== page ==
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^] (1995)
Out of the Dark

Reviewed by: Hyomil
Date: 04/07/2011

Reviewer Score: 7

Reviewed by: ksbutterbox
Date: 03/12/2002
Summary: Better after repeated viewings...

I like this one the more I see it. It has the same amusing and creepy "headless" qualities of Jeff Lau's madcap classic "Operation Pink Squad 2". Karen Mok goes "over the top" like she did in Wong Kar Wai's "Fallen Angels". Granny character they always use in HK movies flips me out. The things they get this woman to do are hilarious! Flawed?..sure but it's still alot of fun! One more thing..Ng Man Tat is not in this movie. Kind of a refreshing change I think..

Reviewed by: MrBooth
Date: 02/12/2002
Summary: An atypical Stephen Chiau film

Seems to have a pretty bad rep as Stephen Chiau films go, and I can kind of see why, though I did like the movie. OOTD is a supernatural comedy, where the soul of an old woman comes back to haunt the appartment complex where she lived and died. An unlikely assortment of characters collects on location, and end up being led by Stephen Chiau... an escapee from the local asylum who models himself on Luc Besson's LEON (complete with pot plant) but is more of a ghostbuster type. Karen Mok is one of the residents, and after meeting Leon she ends up dressing up as Natalie Portman for the rest of the movie. Other characters include the inept building security team, the daughter/son/grandson of the old woman and a smack addict always looking for money for a hit.

The comedy on display here is quite unusual for Lau/Chiau - it has quite a cynical, misanthropic angle, and most of the jokes have something of a bitter core. This is most evident in some extreme violence that gets perpetuated, and the characters' utter lack of concern for those it happens to. The violence is all quite comic-book, but has a certain brutality that some might find distasteful. The tone is hence quite dark.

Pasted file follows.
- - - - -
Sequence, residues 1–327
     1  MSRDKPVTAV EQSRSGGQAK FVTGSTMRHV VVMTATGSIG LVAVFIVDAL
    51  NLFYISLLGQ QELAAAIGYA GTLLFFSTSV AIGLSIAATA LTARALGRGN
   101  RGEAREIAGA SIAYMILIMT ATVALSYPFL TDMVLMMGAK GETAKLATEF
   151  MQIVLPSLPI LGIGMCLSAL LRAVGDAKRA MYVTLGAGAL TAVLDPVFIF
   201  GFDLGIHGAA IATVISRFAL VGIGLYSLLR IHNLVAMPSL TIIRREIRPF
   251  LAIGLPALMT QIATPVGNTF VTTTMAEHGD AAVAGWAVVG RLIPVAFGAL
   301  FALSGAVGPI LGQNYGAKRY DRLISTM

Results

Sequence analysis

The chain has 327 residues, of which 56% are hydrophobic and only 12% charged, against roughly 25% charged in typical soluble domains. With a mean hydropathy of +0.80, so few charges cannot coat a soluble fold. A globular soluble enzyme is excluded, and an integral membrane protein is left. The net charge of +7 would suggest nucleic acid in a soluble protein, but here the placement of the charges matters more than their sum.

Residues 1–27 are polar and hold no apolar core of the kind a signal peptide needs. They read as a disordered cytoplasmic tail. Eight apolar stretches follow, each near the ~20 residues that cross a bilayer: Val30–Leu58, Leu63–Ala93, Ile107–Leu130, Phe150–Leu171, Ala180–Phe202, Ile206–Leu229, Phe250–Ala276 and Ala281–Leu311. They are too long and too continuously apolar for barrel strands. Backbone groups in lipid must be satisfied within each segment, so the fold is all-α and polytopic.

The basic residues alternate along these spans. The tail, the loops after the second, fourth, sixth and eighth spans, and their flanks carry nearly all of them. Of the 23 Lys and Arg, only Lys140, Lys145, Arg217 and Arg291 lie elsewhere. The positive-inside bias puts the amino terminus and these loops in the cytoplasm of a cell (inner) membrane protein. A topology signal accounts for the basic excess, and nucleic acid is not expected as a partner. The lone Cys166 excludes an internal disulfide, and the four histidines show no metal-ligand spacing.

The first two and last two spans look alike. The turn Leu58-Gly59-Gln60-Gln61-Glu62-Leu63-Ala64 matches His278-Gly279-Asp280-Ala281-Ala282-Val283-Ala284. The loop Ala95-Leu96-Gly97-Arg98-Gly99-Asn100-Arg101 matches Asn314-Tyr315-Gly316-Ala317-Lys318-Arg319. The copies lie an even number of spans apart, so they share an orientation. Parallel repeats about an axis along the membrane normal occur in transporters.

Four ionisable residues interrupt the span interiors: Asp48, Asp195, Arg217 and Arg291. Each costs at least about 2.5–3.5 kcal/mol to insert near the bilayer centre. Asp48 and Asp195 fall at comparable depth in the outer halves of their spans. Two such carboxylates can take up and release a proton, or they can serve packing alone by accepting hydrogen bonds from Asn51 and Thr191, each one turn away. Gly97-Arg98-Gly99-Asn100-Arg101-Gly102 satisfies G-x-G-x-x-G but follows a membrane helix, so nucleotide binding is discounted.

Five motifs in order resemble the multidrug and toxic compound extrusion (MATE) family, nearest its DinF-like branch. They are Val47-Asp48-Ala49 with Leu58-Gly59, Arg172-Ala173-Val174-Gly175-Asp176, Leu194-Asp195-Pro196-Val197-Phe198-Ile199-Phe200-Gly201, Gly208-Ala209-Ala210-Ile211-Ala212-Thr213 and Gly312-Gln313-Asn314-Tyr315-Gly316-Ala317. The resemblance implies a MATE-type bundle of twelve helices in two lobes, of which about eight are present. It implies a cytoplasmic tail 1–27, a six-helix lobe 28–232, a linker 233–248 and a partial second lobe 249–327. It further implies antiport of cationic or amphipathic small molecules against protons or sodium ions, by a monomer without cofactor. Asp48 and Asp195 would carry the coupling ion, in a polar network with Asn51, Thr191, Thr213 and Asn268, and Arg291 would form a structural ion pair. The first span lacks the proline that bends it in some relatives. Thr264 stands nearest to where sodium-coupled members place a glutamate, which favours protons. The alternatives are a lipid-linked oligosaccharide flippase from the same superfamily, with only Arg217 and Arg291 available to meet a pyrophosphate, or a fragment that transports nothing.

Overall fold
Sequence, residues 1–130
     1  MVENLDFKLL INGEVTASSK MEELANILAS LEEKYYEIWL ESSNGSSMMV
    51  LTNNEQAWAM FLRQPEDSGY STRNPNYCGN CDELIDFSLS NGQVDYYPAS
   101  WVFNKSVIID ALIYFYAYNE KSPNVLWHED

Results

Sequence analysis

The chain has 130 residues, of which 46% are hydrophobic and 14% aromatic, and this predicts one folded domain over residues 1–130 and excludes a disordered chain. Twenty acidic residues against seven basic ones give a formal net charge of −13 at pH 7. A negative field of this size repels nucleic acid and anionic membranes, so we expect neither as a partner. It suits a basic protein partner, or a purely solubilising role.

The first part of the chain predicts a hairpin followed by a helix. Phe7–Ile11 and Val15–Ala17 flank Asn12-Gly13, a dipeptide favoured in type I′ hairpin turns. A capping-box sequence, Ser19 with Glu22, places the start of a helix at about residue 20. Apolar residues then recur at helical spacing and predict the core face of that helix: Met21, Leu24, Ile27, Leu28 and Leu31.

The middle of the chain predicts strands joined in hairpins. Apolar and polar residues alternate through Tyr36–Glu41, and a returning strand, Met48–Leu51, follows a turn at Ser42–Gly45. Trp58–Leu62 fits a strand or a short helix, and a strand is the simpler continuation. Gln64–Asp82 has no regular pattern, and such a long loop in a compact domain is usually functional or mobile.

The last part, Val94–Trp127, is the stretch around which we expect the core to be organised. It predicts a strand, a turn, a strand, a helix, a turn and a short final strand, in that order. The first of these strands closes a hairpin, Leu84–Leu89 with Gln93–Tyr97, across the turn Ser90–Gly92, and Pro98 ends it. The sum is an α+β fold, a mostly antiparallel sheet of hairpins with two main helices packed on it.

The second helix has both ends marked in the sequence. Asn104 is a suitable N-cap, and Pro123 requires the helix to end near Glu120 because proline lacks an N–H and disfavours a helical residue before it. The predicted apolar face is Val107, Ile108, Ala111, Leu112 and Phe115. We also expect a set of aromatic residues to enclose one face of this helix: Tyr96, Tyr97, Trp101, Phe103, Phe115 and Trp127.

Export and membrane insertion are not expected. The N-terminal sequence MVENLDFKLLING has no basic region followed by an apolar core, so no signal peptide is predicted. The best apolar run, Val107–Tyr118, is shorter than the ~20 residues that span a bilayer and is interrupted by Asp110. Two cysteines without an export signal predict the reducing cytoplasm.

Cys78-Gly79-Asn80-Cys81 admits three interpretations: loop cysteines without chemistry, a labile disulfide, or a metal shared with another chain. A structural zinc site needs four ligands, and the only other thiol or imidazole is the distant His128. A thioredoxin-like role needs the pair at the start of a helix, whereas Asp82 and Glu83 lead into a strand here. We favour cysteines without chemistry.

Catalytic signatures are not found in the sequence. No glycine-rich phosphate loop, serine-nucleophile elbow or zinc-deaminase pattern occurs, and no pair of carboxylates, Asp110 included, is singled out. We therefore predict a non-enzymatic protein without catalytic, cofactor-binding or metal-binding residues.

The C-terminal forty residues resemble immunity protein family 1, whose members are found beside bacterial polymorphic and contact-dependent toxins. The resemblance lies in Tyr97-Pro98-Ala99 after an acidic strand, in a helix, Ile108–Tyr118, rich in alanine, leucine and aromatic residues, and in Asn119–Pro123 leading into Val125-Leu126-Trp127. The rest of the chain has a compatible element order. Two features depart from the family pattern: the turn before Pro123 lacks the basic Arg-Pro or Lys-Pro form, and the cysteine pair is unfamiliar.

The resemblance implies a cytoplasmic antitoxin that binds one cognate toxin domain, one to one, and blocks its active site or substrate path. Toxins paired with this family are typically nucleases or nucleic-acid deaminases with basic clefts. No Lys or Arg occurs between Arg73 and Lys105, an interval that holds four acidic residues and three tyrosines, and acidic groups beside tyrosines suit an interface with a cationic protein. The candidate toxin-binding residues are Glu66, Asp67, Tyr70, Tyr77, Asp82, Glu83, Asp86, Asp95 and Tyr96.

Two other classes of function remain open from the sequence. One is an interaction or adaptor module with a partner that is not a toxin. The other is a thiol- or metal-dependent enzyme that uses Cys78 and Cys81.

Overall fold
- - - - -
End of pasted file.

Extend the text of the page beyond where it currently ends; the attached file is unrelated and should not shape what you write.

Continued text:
I suspect it is this dark edge that puts most people off the movie, but I think that if you're prepared for it the movie is pretty good anyway. Jeff Lau's creation of a supernatural presence had certainly come along way since OPERATION PINK SQUAD II, and it can be quite creepy at times. There's some inventive bits in there, and the whole thing is well made in a low budget way. Quite an unusual entry in Chiau's filmography, but not a terribly bad one. If nothing else, the stylish goatee he wears here is worth seeing :)

Reviewer Score: 7

Reviewed by: danton
Date: 01/03/2002

Not only is this film little known and very hard to get, it also seems like the most atypical Stephen Chiau film I've ever seen. In fact, he doesn't even show up on screen for a full 15 minutes, and when he eventually does, it's to play a role that is somewhat different from his usual stick.

The movie starts out as your typical HK horror movie, showing various ghostly shenanigans in a high rise apartment complex. None of this is any different than the myriad of other HK horror comedies such as Troublesome Night etc. Eventually, Chiau appears as a mysterious ghost fighter. He is joined by a motley crue of building guards and residents, including perrennial sidekick Ng Man Tat and Karen Mok, and they proceed with training sessions in which they are supposed to learn how to fight ghosts. While there are some funny moments here, the movie never really came together for me. There are several movie parodies, of course, including a ripoff of the lightning scenes from Highlander. And the Stephen Chiau/Karen Mok pairing seems to be a reference to the Jean Reno/Natalie Portman duo in THE PROFESSIONAL (with Karen Mok even dressing like and wearing her hair like Natalie Portman), but none of this makes much sense or is even very funny.